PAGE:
Hawkeye has officially come to an end, marking the conclusion of Marvel’s first wave of Disney+ originals. And while there was plenty to love, we can’t help but wonder why Marvel still hasn’t learned one crucial lesson about making TV shows.
The Hawkeye finale reveals how the seemingly arbitrary rules of Marvel television are holding the entire endeavor back. With 2021 coming to a close, the studio needs to correct these mistakes or we could be looking at even more disappointing finales in 2022 and beyond.
But first, the good bit: WandaVision, The Falcon and the Winter Soldier, Loki, and Hawkeye all proved the Marvel Cinematic Universe’s characters, as well as the actors who play them, remain as compelling as ever. Loki and WandaVision both demonstrated Marvel’s willingness to take some major structural and narrative risks as well, while Falcon and Hawkeye helped build the MCU’s new superhero roster.
Unfortunately, Hawkeye’s sixth and final episode also further reaffirms the one major flaw that plagued nearly all of Marvel’s TV shows and movies this year. Spoilers ahead!
Marvel’s season finale problem
Hawkeye Episode 6 is, for the most part, one giant set piece.
Bringing together all of the show’s characters and storylines, the episode centers on a showdown in Rockefeller Center that features plenty of trick arrows, a fallen Christmas tree, and one truly adorable owl. As is the case with every Marvel action sequence, there are some moments throughout the episode that are legitimately great, including when Kate Bishop (Hailee Steinfeld) accidentally shrinks a van full of Tracksuit Mafia bros.
That said, just like the WandaVision and Falcon finales, this episode suffers from its over-reliance on action and spectacle. While thrilling in sections, the show’s limited budget means Hawkeye can’t deliver the same kind of technical precision viewers have come to expect from Marvel movies. The result is an action-heavy finale that isn’t nearly as polished or propulsive as it should.
But beyond its lackluster action, what ultimately hurts the Hawkeye finale the most is its desire to do way too much in just one episode of television.
Marvel’s biggest TV mistake
Kevin Feige has said repeatedly that Marvel’s Disney+ shows will all run roughly six hours long. It’s an arbitrary rule that, for some inexplicable reason, Marvel seems deadset on sticking to. That’s a shame because several of those shows would have benefitted from higher episode counts.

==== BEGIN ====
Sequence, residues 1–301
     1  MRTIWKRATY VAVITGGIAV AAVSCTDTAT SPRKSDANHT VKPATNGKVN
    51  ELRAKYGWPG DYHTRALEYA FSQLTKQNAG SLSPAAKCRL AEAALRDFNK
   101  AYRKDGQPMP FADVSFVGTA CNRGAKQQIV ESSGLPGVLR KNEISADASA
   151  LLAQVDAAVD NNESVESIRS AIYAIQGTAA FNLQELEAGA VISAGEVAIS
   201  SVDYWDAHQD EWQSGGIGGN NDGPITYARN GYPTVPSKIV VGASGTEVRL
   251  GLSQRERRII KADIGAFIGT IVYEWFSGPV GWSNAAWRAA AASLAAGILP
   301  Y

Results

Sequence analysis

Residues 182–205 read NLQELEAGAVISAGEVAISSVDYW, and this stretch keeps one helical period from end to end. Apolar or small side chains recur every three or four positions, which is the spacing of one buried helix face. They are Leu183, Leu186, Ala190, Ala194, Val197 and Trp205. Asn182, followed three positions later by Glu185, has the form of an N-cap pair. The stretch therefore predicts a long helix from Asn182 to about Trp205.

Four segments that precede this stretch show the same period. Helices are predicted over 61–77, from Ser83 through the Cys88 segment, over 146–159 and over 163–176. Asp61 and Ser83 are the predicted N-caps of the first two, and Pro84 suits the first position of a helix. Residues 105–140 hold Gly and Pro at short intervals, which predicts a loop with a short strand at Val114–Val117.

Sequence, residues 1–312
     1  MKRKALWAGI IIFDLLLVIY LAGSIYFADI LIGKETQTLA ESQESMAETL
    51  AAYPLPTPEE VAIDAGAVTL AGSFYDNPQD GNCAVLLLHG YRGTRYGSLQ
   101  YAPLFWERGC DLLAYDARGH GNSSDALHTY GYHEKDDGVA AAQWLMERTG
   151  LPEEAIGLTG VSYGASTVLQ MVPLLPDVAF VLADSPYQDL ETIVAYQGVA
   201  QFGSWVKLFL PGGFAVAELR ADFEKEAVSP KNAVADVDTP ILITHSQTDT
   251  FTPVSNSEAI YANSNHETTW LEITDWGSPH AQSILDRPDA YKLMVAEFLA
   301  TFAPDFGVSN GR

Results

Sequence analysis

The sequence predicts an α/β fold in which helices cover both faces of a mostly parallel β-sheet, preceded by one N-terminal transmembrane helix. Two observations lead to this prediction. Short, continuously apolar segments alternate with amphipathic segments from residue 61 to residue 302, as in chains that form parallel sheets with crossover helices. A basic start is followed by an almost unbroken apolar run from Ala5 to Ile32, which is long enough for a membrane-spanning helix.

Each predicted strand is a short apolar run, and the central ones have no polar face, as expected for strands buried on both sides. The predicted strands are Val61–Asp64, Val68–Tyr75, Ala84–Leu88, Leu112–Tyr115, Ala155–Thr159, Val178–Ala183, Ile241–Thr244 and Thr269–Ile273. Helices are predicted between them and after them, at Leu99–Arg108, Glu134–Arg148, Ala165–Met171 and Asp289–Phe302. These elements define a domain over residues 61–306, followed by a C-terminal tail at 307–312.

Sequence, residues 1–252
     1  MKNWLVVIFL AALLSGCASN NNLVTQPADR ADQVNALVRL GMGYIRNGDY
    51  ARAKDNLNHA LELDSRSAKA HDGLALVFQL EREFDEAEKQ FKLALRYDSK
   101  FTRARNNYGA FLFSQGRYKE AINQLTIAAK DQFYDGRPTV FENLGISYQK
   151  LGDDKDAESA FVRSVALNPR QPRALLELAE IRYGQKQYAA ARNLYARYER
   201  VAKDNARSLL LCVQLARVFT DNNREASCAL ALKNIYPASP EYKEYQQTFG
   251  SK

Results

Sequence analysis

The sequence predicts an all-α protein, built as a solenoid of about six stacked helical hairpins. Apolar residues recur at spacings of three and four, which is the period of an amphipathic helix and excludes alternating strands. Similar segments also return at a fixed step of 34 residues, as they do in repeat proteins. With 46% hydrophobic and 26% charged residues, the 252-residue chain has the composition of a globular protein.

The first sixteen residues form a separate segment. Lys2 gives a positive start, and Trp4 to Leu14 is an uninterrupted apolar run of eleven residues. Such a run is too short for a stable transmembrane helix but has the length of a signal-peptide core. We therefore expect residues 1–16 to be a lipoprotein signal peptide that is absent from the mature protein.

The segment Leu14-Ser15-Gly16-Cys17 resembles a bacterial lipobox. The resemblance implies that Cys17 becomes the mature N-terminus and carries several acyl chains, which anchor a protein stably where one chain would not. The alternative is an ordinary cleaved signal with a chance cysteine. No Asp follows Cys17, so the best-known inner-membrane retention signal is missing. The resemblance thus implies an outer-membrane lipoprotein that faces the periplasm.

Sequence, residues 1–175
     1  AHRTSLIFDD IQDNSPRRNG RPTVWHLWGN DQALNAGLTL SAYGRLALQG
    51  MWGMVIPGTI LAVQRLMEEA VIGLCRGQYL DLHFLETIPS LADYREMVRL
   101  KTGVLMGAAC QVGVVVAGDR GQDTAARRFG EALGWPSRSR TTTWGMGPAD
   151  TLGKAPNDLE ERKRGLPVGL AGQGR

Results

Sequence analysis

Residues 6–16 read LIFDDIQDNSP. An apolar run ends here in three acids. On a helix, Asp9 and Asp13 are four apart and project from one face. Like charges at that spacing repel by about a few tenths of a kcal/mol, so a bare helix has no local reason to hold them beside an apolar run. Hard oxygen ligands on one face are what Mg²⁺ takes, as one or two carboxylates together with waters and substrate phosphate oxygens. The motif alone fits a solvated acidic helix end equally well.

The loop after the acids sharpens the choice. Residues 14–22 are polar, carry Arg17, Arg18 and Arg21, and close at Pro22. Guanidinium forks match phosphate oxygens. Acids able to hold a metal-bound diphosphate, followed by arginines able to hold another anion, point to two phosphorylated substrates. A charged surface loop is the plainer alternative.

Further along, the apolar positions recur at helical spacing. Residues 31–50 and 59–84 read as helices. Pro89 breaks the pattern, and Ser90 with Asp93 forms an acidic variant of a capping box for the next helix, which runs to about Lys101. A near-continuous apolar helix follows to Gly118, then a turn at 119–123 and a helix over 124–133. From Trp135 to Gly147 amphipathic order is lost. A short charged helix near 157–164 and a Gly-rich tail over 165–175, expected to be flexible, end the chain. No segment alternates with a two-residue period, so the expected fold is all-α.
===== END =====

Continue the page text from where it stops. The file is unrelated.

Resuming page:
Hawkeye is one of them, and its finale episode proves it. Clocking in at 62 minutes long (counting end credits), it’s also the longest television episode Marvel has produced so far, but its runtime still isn’t long enough for everything the show’s creative team wanted to do.
Indeed, across just 62 minutes, the Hawkeye finale tries to accomplish the following:
- Formally introduce Kingpin (Vincent D’Onofrio)
- Explain Kingpin’s relationship with Eleanor Bishop (Vera Farmiga)
- Reveal who snuffed out Armand Duquesne III (Simon Callow)
- Put Jack Duquesne (Tony Dalton) back in action
- Set Maya (Alaqua Cox) against Kingpin
- Resolve Yelena Belova’s (Florence Pugh) mission to murder Clint
- Bring Kate Bishop face-to-face with Kingpin
- Resolve Kate’s relationship with Eleanor
- Have Maya and Kazi (Fra Fee) engage in a life-or-death fight
- Reveal the owner of the show’s mysterious Rolex watch
- Have Clint Barton reunite with his family on Christmas Day
That’s simply too much for one episode of television — let alone one that also has to deliver on the holiday-themed climactic battle Hawkeye was been building towards all season.
By trying to juggle so many different storylines and perspectives, the episode ends up feeling disjointed and scattered. Major moments like Yelena and Clint’s reconciliation end up getting short-changed because the episode keeps cutting from their showdown to a pair of forced fights between Maya and Kazi and Kate and Kingpin. The same goes for Kate’s decision to turn her mother into the police, which should be a major turning point for her character, but isn’t given the room to breathe it deserves.
What’s truly frustrating about all these flaws is that they’re totally avoidable. Maya’s broken relationships with Kingpin and Kazi did not need to be resolved in Hawkeye’s finale when we already know an Echo spinoff is coming. And if the show’s writers were determined to tick all those boxes, they could have easily spread out the events of the finale across two episodes. Frankly, it’s hard to imagine why Hawkeye’s creative team didn’t push for a seventh episode — unless, of course, Marvel demanded the show’s story be told in exactly six installments.
The Inverse Analysis — Hawkeye Episode 6 is, admittedly, an entertaining hour of television, but it falls far short of its potential. Marvel’s insistence that its stories all end with massive action sequences is already doing enough harm to its films. The studio should not impose the same expectations on its streaming shows, which are already forced to comply with arbitrary episode counts.
When Marvel does approach its shows with those kinds of rules in mind, they end up suffering for it. But given a little freedom, the results are much better. For proof look no further than Loki, which featured a nearly action-free finale and sailed past any episode limits by scoring a second season renewal. As a result, we got a Marvel finale that wasn’t forced to resolve every plotline and pull off a massive set piece in under an hour.
When you look at it like that, is it any wonder why Loki Episode 6 remains the best finale episode that Marvel produced this year?
Hawkeye is streaming now on Disney+.